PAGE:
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Shack

H.M.S. Fable

(Laurel)

Brothers Mick and John Head fronted the underground band The Pale Fountains in the mid-‘80s and were key players in the fertile Liverpool postpunk scene that included fellow Scousers Echo and the Bunnymen. Unfortunately, their brand of subtle pastoral pop was out of tune with the Zeitgeist, which dictated big hair, expensive videos and flashy synthesizer dance tunes. Fortunately, the Head brothers are back, in the form of Shack, perhaps just in time for yet another renaissance of guitar pop.


H.M.S. Fable is not the first Shack album (just for the record, it is number four), but it’s the one likely to finally bring the Heads their long overdue recognition. If the Pale Fountains were chamber pop, then Shack is anthemic, orchestral pop at its glorious best. Wistful and irresistible melodies back up lyrics of well-worn lives. Meanwhile, “Captain’s Table” and “I Want You” are clear tributes to the psychedelia of Michael Head’s idol Arthur Lee (Love). All in all, a rousing and tender reminder that good old-fashioned songwriting with heart will never go out of style.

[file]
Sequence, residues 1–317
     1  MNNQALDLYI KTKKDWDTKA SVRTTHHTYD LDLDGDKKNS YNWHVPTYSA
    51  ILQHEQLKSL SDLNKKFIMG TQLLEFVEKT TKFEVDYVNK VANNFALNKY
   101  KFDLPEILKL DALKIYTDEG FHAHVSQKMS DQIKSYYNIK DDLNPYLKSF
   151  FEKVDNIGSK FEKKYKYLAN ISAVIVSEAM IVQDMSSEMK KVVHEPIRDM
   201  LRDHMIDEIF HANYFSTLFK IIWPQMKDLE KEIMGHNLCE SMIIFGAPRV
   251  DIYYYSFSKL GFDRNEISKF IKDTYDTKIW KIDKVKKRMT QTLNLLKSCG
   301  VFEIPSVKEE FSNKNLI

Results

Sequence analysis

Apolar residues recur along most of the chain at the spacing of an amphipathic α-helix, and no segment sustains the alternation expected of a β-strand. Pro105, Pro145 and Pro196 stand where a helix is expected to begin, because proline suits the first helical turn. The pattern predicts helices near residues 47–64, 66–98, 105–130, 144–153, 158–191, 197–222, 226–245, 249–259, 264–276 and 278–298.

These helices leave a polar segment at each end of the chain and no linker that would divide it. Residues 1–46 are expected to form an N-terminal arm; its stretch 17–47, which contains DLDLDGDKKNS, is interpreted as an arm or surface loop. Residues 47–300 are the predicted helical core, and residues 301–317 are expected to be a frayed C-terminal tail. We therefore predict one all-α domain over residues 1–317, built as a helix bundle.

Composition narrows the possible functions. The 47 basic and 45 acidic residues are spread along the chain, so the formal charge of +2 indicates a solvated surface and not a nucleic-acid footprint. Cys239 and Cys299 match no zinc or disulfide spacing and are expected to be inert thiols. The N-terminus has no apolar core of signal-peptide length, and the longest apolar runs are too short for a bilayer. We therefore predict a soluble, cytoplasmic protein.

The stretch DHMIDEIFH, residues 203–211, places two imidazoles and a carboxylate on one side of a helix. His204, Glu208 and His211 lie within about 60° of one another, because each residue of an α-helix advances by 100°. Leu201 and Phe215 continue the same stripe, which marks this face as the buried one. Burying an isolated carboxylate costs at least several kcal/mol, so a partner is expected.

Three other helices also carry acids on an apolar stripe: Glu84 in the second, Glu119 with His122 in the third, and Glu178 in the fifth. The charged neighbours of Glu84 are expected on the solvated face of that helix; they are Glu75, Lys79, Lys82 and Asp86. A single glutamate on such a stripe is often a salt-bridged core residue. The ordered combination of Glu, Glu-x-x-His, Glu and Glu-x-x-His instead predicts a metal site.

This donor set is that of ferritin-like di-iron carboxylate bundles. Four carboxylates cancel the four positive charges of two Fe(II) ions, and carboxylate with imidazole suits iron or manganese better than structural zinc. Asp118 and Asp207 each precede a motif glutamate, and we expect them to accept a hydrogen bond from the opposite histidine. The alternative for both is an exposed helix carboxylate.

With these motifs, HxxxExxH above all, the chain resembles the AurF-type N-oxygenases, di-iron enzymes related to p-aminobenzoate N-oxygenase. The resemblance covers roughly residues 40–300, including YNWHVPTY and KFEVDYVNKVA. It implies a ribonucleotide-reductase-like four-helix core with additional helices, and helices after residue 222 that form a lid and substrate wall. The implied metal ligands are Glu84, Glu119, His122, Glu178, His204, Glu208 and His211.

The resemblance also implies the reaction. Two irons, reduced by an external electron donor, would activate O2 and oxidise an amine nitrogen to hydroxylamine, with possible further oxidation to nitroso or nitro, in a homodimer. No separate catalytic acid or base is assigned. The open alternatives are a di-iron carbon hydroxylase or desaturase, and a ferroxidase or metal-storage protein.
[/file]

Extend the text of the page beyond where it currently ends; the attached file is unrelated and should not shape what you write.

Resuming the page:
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Sarah Zupko founded PopMatters, one of the largest independent cultural criticism magazines on the web, back in the Internet's early days of 1999. Zupko is a former Executive Producer for Tribune Media Services, the media syndication arm of the Tribune Company, and a 10-year veteran of Tribune. Her other pursuits involve writing historical fiction and research in the fields of Slavic and German history, as well as general European cultural and intellectual history. Zupko studied musicology, film, and drama at the University of Chicago and media theory at the University of Texas, where she received her M.A.


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